Shocker! US athlete suspended for having sex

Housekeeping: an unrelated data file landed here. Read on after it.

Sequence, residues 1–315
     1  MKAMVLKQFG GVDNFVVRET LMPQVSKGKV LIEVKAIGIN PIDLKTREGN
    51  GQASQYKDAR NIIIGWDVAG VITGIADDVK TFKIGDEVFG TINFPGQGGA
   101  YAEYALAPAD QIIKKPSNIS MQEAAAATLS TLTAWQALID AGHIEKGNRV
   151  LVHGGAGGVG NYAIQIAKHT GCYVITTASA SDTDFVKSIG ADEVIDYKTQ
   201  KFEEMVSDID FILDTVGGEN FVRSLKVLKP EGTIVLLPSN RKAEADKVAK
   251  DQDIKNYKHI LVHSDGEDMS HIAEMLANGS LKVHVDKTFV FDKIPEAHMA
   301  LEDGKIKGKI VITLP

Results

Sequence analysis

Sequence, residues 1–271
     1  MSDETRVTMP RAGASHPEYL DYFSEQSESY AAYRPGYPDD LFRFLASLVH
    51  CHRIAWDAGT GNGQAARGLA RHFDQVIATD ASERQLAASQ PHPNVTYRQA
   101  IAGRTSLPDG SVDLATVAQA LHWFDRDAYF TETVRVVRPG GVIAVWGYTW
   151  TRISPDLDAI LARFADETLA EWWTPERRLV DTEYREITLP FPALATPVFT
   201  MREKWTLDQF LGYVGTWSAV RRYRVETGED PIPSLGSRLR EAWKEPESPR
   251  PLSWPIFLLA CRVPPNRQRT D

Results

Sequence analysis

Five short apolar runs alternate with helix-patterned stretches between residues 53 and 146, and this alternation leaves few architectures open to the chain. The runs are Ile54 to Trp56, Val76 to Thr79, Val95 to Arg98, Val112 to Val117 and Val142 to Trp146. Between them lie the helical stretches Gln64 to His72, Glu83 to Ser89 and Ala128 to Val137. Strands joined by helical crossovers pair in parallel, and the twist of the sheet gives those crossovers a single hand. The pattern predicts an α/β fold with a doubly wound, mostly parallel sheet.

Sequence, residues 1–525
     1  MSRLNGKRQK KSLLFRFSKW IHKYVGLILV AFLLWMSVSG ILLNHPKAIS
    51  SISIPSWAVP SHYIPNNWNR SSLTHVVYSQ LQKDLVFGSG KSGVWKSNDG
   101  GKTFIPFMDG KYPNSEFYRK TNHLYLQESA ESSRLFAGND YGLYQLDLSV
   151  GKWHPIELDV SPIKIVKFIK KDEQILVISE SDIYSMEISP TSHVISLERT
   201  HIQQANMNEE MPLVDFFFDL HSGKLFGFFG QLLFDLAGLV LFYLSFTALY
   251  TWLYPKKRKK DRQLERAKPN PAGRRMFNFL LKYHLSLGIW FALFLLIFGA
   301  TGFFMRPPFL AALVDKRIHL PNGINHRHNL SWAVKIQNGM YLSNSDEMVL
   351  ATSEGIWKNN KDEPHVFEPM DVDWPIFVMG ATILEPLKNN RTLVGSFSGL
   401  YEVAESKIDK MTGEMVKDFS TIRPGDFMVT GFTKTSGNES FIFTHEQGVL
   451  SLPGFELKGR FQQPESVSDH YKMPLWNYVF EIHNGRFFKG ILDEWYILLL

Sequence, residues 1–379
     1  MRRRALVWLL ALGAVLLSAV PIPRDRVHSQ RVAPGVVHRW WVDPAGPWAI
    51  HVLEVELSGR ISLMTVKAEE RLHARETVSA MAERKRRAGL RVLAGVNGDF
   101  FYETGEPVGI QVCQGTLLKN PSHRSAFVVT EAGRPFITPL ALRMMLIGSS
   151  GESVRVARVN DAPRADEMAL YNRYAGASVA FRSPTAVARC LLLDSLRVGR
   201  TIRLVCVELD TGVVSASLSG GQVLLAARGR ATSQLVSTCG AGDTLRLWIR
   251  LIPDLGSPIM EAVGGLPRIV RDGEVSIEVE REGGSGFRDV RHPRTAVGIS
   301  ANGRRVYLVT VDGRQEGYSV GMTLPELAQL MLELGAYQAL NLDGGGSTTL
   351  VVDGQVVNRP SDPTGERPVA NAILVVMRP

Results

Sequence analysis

At one school the possibility of a national championship title is less important than religious principles. Sacrificing one of the teams greatest players in the name of honor, BYU may have ended its changes at success in March Madness. Previously, BYU was seen as possibly the No. 1 team in the National Collegiate Athletic Association (NCAA) tournament. Without Davis however that has changed.Davies was the team’s star forward. He recently admitted to having sex with his girlfriend, a direct violation of the schools honor code. The code prohibits premarital sex, coffee, and a number of other items considered normal at most institutions. BYU’s Honor Code includes:Be honest Live a chaste and virtuous life Obey the law and all campus policies Use clean language Respect others Abstain from alcoholic beverages, tobacco, tea, coffee, and substance abuse Participate regularly in church services Observe the Dress and Grooming Standards Encourage others in their commitment to comply with the Honor CodeBYU is owned by the Church of Jesus Christ of Latter-Day Saints and is regarded in the United States as highly conservative. School officials said it is not a matter of chastity alone, but a matter of rules, rules which include the prohibition of premarital sex. However, the recent dismissal of Davis and increased public knowledge of these rules has left many basketball fans shocked. Many have begun to question the cultural disconnect on views on sex between BYU, other schools and throughout the US and other nations. Davis didn't plagiarize any term papers, nor did he commit any felonies. He broke no other laws or impeded the work of others. By any stretch of the imagination, he did not violate any rules that might see him suspended from other teams in the US – leaving many fans confused and some quite angry. The idea of a sex-less abstinent college campus is quite unique to BYU and its sister schools in Idaho and Hawaii. Typical college campuses elsewhere are rampant with sex, alcohol, tobacco, and even coffee. The school however defends their code and the suspension, saying the students who come to BYU do so to live by the code and understand its religious importance. While the rest of the world understands the need for rules, they are in many cases flabbergasted by the cultural disconnect on display following this incident.